Sanford, who had been the Triangle band’s pianist and later, Dorsey’s radio producer, continued,


Tommy was the big hit of the afternoon—not on trombone, but as storyteller. He began to reminisce. One anecdote followed another, going from speakeasy days right on through to the present. Listening to the tape, it is as if Tommy was in the room, with all his idiosyncrasies of speech. Tommy had a way of making a mirthful sound in his throat and sustaining it in the pauses. It had the effect of keeping the listener hanging on.


It may come as a surprise that Dorsey was such an engaging raconteur. His legacy is largely that of an intense taskmaster, often unreasonable and even cruel, as well as unpredictably temperamental. A sort of generalization has come down to us characterizing Tommy as the Dorsey to fear, while brother Jimmy was a sweet gentle soul, loved by all. However, looking a little deeper, we see that it was not an accurate characterization. Jimmy was shy, an introvert. He rarely displayed his temper, but rather kept it on the inside. He was a bit of a misanthrope.


Tommy, on the other hand, was a people person; gregarious, generous, energetic. But he also exhibited symptoms of being bipolar. He was volatile and intolerant with those he considered weak. But surrounded by his friends, he was convivial, gracious, and very funny.


The tape referred to in the Sanford book had long intrigued me. There are plenty of recordings of TD speaking to an audience, in an amiable, ever-so-slightly gruff manner. Yet, there are next to no recorded interviews, or even written records of his reminiscences or opinions – at least not ones that are not heavily ghosted by an editor. Therefore, we have almost no first-hand accounts from this seminal figure of American popular music.

In the late 1980s, while I was traveling in Milwaukee with Banu Gibson and her band, pianist David Boeddinghaus and I had the pleasure of visiting John Steiner, himself, in his suburban home. Mrs. Steiner served us some lunch, and then John led us to his basement, where he kept his collection.
John’s basement contained the spoils of the Paramount Records business he had acquired years before, when he purchased the name and existing stock of the fabled label. There were test pressings, metal parts, some commercial pressings. There were also lots of audio gadgets: meters, microphones, oscilloscopes, old transcription turntables, tubes…

I asked John about the Dorsey tape and the “Third Squirrel” album. He pulled out a copy of the latter, a 10-inch LP, pressed on transparent red vinyl, which he presented to me. John then foraged around through his collection of open-reel tapes and found the one of Tommy as life of the party. At least, it was part of the complete tape; a few of the stories Sanford reported are not present. And, in their place are some that were new to me. I suspect that there is another reel somewhere in John’s collection, now housed at the University of Chicago. Anyway, John played us the tape, or what he could find of it. It was as good as Sanford said. I asked John for a copy and a week or two later a package arrived at my door containing a cassette, the contents of which I present here.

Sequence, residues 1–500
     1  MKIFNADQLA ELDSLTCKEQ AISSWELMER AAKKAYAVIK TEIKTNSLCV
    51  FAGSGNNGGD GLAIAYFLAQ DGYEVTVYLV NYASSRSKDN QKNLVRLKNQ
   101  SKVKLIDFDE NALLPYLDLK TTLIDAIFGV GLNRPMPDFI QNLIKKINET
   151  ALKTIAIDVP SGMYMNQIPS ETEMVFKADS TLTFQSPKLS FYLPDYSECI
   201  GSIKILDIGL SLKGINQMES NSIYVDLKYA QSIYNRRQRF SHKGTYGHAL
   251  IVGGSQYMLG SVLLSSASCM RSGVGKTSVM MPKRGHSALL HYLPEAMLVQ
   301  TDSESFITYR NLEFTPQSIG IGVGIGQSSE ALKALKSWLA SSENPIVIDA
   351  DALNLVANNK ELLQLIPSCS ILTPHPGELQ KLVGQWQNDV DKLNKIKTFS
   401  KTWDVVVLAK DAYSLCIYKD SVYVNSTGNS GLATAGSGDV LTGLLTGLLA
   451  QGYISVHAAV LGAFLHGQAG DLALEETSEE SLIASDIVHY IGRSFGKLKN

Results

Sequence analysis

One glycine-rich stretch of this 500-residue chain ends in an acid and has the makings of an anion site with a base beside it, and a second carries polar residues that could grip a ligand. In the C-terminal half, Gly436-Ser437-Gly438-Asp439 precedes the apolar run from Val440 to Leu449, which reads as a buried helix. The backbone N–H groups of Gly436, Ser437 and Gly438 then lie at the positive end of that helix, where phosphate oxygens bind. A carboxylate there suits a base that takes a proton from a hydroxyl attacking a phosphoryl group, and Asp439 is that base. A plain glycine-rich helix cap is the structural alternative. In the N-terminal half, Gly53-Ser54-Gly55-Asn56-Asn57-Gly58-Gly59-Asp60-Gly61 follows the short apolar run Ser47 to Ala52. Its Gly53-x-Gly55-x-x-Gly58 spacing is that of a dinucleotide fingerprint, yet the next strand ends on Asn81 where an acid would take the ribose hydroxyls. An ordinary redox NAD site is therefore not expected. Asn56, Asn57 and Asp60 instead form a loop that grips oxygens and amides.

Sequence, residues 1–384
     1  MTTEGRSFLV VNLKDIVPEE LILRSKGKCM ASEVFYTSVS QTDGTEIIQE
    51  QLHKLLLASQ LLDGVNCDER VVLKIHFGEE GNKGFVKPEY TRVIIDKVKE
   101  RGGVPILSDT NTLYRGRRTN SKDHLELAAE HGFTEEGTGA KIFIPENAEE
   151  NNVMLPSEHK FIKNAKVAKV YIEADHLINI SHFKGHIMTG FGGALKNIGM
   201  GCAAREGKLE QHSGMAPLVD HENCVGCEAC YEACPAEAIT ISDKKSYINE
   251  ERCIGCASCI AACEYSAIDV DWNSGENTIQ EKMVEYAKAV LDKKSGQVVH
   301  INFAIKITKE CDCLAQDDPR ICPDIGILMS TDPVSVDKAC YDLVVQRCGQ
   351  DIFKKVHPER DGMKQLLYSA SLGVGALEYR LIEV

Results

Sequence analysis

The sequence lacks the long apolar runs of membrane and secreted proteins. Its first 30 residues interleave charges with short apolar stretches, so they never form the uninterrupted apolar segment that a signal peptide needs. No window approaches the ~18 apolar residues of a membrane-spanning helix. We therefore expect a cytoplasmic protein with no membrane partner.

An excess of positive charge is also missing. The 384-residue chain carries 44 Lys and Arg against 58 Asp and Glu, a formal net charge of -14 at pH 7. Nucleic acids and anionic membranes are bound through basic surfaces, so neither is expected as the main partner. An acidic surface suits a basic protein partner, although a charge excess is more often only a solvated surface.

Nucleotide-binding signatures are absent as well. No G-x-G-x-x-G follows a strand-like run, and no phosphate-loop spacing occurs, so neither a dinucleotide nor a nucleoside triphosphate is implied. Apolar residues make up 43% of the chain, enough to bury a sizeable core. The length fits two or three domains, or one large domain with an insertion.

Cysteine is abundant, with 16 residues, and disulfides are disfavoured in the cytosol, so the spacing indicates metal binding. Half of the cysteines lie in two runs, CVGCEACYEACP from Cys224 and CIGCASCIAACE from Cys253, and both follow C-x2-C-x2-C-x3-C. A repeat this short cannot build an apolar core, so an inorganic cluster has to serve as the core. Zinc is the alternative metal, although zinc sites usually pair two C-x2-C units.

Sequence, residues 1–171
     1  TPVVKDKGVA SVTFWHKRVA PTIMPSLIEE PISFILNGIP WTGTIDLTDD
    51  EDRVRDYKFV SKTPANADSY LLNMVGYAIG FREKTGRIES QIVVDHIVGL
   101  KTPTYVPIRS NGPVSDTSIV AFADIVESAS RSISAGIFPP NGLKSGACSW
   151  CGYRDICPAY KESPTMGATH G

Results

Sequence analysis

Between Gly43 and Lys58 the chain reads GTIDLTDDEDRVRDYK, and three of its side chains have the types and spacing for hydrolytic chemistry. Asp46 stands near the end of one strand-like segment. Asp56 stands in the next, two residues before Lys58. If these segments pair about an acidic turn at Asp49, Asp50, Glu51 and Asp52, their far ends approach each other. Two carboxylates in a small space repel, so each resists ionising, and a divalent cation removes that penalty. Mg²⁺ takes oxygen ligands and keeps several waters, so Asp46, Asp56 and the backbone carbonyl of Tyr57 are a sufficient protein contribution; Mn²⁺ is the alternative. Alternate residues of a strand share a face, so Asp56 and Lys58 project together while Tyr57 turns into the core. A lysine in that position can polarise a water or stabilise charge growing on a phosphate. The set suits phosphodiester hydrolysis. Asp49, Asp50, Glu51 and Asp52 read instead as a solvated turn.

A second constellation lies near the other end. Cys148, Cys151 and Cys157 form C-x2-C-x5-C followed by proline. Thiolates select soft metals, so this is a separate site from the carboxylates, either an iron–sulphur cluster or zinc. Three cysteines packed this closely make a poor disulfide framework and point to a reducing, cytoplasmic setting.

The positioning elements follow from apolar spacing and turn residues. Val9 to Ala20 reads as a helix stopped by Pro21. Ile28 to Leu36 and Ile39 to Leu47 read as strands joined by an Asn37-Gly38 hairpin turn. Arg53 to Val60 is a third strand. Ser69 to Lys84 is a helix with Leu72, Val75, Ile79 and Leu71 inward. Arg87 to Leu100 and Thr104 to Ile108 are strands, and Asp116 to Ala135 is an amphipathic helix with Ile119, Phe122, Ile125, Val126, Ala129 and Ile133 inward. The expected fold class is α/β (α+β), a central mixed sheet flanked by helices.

Sanford transcribed several of these stories for his book. They are slightly amusing. However, one really misses the impact of Tommy’s speech – you really had to be there. Hearing the actual recording, we experience Dorsey, the engaging raconteur, complete with expertly timed pauses and punchlines. This is most evident in the story about the Everglades and its very funny tag line.

The stories take us back to the days of Plunkett’s speakeasy, the most storied watering hole in the annals of 1920s hot jazz. And yes, the anecdotes are dominated by the theme of drinking – to excess – and the results of musicians so influenced performing in high-class establishments.
We hear about Davey Tough and Tommy’s attempt to help him dry out. Also, a projectile string bass and the mobster who defended the perpetrator. Then there’s a story about an unusual main dish that will surely offend many. To Tommy’s credit, he did not bring this one up. Rather it was Squirrel who mentioned it. It concerns an obscure Philadelphia musician named Ralph Margavero (I am not sure about that spelling). I did check Philadelphia newspapers and Ancestery.com and could not find out anything about him. But it seems that, like so many working musicians, Ralph would come home late after a gig hungry. Ah, the antics of musicians who will stop at nothing! Fortunately, I think, we have all evolved since then…

Additionally, many of the asides are worth picking through the excess crowd noise to hear. For instance, Tommy mentions a notorious New York hoodlum, who was also the manager of Tommy Guinan’s Playground; Hyman “Feet” Edson. Squirrel offers up a story – barely audible, about Wingy Manone. But then, Tommy chimes in and confirms the urban myth about brother Jimmy sending Wingy one cufflink for his birthday.


Those who own the Sanford book, will notice some discrepancies between Sanford’s transcription and what Dorsey actually says on the tape. For instance, the story about Charlie Shavers will now make some sense. There is one casualty; the story about Pee Wee Russell, which Sanford saved for last, is missing. If the full tape exists perhaps some diligent researcher will someday find it in the Steiner Collection.


The final story on the tape reflects TD‘s distaste for bebop. Obscured by the crowd noise, he begins, “I don’t go in much for bop stories…
A bopper walking down the street, and he’s in cloud number 7, and there’s an organ grinder there, and he’s playing a tune, and the monkey’s right on the… organ grinder, ya know, the organ…and the guy looked up and said, “Man, I don’t dig your music, but you got a crazy son!”